Dr. D. N. Bid


(Health-Related)
Physical Fitness
 Measure

of a
person’s ability to
perform physical
activities
requiring:
 Enduranc...


SkillRelated
Fitness



HealthRelated
Fitness






Agility
Balance
Coordination
Reaction time
Speed










Speed:
 Amount of distance travelled in one direction in comparison to
time
 Running a certain distance i...
1. Muscle strength
2. Muscle endurance
3. Cardiovascular endurance
4. Flexibility

5. Body composition


The ability of a muscle or muscle group to
exert a maximum force against a resistance
ONE TIME through the full range o...


The ability of a muscle or
muscle group to exert a submaximal force REPEATEDLY
over a period of time.
To improve strength, lift heavier weights
than you are used to.
To improve muscle endurance, lift more
times, not more wei...


The ability to perform large muscle moderate
to high intensity exercise for PROLONGED
PERIODS keeping your heart rate i...


Is the ability to move a joint
through its complete range of
motion (ROM).


Is the amount of lean body mass
(bone, muscle, organs and body
fluids) compared with the
amount of body fat.

ADULT MAL...








A. Multiply your
weight in pounds
by .45 to get
kilograms
B. Convert your
height in inches and
multiply this
n...


Range

 







19 and below
lowest risk for
premature death
19 to 24.9
20% higher
25 to 26.9
30% higher
27 to 28....
Overload
 human body stressed slightly more than accustomed.
Threshold of Training
 minimum level of exercise.
Adaptatio...




Principle of
Reversibility
 use/disuse-use
it or lose it2weeks
Principle of
Overuse
 overdo causing
chronic injuri...


States that a body
system must
perform at a level
beyond normal in
order to adapt
and improve
physiological
function an...
A gradual increase in the level of exercise that
is manipulated by increasing frequency,
intensity, or time, or a combinat...


Frequency



Intensity



Time



Type
Frequency

Intensity

Time

Type

How Often

How Intense How Long

What Kind

Three times per
week,
preferably daily
and a...
Reduces Risk of Heart Disease
Stronger Bones &
Muscles

RHR
wer
Lo

rg y
e
En
ore
M
Lo
we
rB
lo o
dP
res
sur
e

Reduces
St...


Step ups for
two minutes
Count pulse
immediately after
for one minute to
determine cardio
endurance level


Step Test Results

85- 95 Excellent
96-105 Good
106-125 Fair
 125 or more –
needs
improvement








One way to check how
hard you are exercising is
to check your maximum
heart rate ( MHR).
If you exercise hard
...
> Is exercise that uses
oxygen to get energy
> Oxygen comes from the
glucose in sugars in
bread or fruits that we
eat
> En...
1) Exercise that is fueled
without using oxygen
2) In this exercise
glycogen is use. It is
another kind of sugar
found in ...
1)Aerobic and Anaerobic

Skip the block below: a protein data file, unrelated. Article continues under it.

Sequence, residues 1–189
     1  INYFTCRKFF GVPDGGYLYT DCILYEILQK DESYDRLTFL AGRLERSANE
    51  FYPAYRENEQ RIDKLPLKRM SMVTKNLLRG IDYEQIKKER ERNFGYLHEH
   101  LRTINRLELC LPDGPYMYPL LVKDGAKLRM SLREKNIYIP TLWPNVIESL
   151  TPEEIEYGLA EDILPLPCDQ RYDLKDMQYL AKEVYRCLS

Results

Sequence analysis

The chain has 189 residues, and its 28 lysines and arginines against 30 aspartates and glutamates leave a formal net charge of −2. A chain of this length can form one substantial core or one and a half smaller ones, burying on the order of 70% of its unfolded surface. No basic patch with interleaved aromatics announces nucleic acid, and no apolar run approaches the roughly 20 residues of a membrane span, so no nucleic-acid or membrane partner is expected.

exercises can be used
together
2) For example, tennis
players use short burst
of strength when the...










> Competition: is a contest
between two or more people
or teams
> Competition can help
improve fitness
> Co...










>Someone who
practices sportsmanship
> Always plays his/her
best
> Follows the rules of
the game
> Consider...








> The use of weights
to make muscles
stronger or bigger.
> Improves muscular
strength and
endurance
> Two type...
> Usually lift more
weights, does fewer
repetitions and does a
different number of
sets than someone
who does not want big...






> Two types of
weight- training
equipment
1) Free weights:
dumbbells, barbells
and curl bars.
2) Machines: use a
...











1) Use a spotter: someone who can take
weight away if you can not finish a lift
2) Lift weights in groups...














> Sharp pain
> Tenderness in a single
area
> Swelling
> A reduced range of
motion around a joint
> mu...












> Most adults need to
exercise at least three to five
time a week. However,
some people exercise too
muc...







> Acute Injuries
1) Strains: when a
muscle or tendon is
overstretched or torn
2) Sprains: when a
joint is twist...








> Report an acute injury
to your parents or a
teacher right away.
> You may need to see a
doctor
> First aid i...







> Develops a long
period of time
> Examples:
1) Stress fractures: a
tiny fracture
2) Tendinitis: an
irritation ...
1) Warm up and Cool
Down: injuries can
happen without these
2) Do stretching before
exercising and after
warming up improv...
4)
5)

6)
7)

8)

4) Improve your form:
Use a mirror to see if
your form is right; get a
trainor who can tell you
if your ...
7) Use your safety
equipment: falls and
collisions are common
in sports and accident
happen when you least
expect them
8) ...
Components of physical fitness
Components of physical fitness
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Components of physical fitness

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  • (Instructor Note – Choose the amount of detail that you think your audience requires – The slides are written as if an overview of the basic concepts and components is needed. For participants who may need more information than is provided here – refer them to the Teacher’s Guide)
  • (defined on slide) – as found in PB Teacher’s Guide (p.5 in the 2nd edition)
  • Skill-related components - Basic skills and concepts common to all movement forms are needed for students to become self-sufficient in health-related fitness activities (Teacher’s Guide – p.157)